I'm a documentary producer, editor, cameraperson and director, working mostly in television and radio. I have won a BAFTA, two Emmy Awards and two Peabody Awards, and in my 25 year career I have made documentaries for the BBC, Channel 4, ITV, CNN, PBS, Vice, ARTE and Al Jazeera, as well as BBC Radio 3 and Radio 4.
I enjoy variety in my work and try not to get pigeonholed in one genre or style; what most interests me is telling meaningful human stories with a compelling narrative drive. I've made films about war crimes, genocide, ethnic cleansing, state repression, eugenics and religious extremism; I've worked with activists fighting FGM in Africa, transgender people tackling LGBT prejudice in India, and war-damaged PTSD sufferers rebuilding their lives; I've explored the art of female singers in Iran and collaborated with actors at Shakespeare's Globe Theatre, tackled the fundamental nature of reality with Professor Jim Al Khalili, and examined world history and culture with Dr Bettany Hughes. I particularly enjoy telling stories which lie at the intersection of human rights, art and activism.
I'm an English literature graduate from Cambridge University and a qualified NCTJ senior journalist. I started my career at Central TV in Birmingham in the 1990s, researching and producing current affairs shows with Jeremy Paxman, Nicky Campbell, Sue Jay and others. Between 1999 and 2011, I made over 20 high-profile documentaries for Channel 4, mostly Dispatches and Cutting Edge films. These films include the Royal Television Society Award-winning Prime Suspects for Channel 4 in 1999, investigating war crimes and tracking down the culprits in Kosovo, Bosnia and Serbia. In 2003, I made an acclaimed investigation into human rights atrocities in Iraq with war reporter Sam Kiley, and my Channel 4 Dispatches documentaries on religious extremism gained further nominations for Best Current Affairs Documentary at the Royal Television Society Awards in 2008, 2011 and 2012. In 2004, my Cutting Edge documentary The Child Sex Trade, investigating child-trafficking gangs in Romania, made with Romanian journalist Liviu Tipurita, became CNN’s highest rated documentary ever and won us the prestigious US journalism prize, the George Polk Award for Television Reporting.
In 2012, I teamed up with director Deeyah Khan of Fuuse Films, who was filming her first independent documentary on the honour killing of a young London woman, producing and editing the film, Banaz: A Love Story, to make it into an Emmy and Peabody Award-winning feature length documentary. Since then, I've been executive producer and editor on Fuuse's award-winning films, including Jihad: A British Story, which was nominated for a BAFTA, and White Right: Meeting the Enemy, which won an Emmy in 2018 and was also nominated for a BAFTA. In 2020, we made Muslim in Trump's America, currently nominated for another Peabody Award, and America's War on Abortion, which won a BAFTA Award for Best Current Affairs Film in 2021.
In addition to films on post-conflict states and human rights issues, I've also made a number of specialist factual documentaries on history, culture and science, mostly for BBC 4. These include Mechanical Monsters, with Professor Simon Schaffer, a 90-minute special with Professor Jim Al Khalili on the workings of gravity, and a two-part series looking at the latest theories about the fundmental nature of space and time, looking at quantum physics, thermodynamics and general relativity. In 2019 I directed a two-part series for the BBC on the taboo science of eugenics with Adam Pearson and Angela Saini and co-directed an international feature documentary, Alone, working with the legendary Belarus Free Theatre, examining artists' battle for freedom of expression in Belarus and Ukraine. I've also made films for Al Jazeera investigating police brutality in Tunisia, on FGM in Senegal, and the effects of the conflict in Ukraine, as well a film for Vice News about persecuted atheists facing violence and repression in fundamentalist communities.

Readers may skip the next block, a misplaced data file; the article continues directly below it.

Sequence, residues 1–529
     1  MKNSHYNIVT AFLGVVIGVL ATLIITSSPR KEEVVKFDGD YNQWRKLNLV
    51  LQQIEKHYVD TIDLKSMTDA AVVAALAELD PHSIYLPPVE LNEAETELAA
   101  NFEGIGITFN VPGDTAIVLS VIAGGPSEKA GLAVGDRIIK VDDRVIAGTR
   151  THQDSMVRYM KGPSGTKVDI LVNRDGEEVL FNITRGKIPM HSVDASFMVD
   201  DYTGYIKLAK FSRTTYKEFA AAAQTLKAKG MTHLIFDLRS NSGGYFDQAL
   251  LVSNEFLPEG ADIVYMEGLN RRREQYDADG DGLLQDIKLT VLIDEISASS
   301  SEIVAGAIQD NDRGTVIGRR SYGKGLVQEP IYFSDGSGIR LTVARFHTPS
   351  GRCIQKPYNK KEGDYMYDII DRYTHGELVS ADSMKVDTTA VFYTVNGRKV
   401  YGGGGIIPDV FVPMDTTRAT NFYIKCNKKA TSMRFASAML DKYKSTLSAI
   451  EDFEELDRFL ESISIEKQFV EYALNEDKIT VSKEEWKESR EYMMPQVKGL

While I enjoy variety, my favourite subject is Shakespeare: I am the creator of the podcast To Be Or Not To Be: Lockdown Shakespeare. In 2009, I made a documentary on Shakespeare's Blackfriars Theatre for BBC Radio 4 and I have collaborated with Shakespeare's Globe Theatre to film their educational work with children from deprived London boroughs. I've also made a two-part series on history, culture and literature in the Caucasus for BBC Radio 3 and a film about Syrian refugees in Jordan with historian Bettany Hughes.
I also co-run an independent documentary company, which is making a feature film for cinema release with seed funding from Ffilm Cymru and the Scottish Documentary Institute, and I have also worked with charities, NGOs and theatre companies in documentary production.
I have won a BAFTA Award for Best Current Affairs Film, two Emmy Awards for Best Current Affairs Film, a Peabody Award, a Royal Television Society Award and the Polk Award for Investigative Journalism. I'm also three-times nominated for a BAFTA, and have received a Grierson Award nomination and three other RTS nominations, as producer, editor/executive producer or shooting PD.
My other awards include The Human Trafficking Foundation Media Award (2011), Broadcast Award nominee (2011), National Headliners Award for Investigative Journalism, (2003), The Cine Golden Eagle Award (2004), Prix Europa Award (Special Commendation 2001), the Overseas Press Club Award (2003), the Amy and Eric Burger Award for International Reporting (2003), and One World Media Award (2004).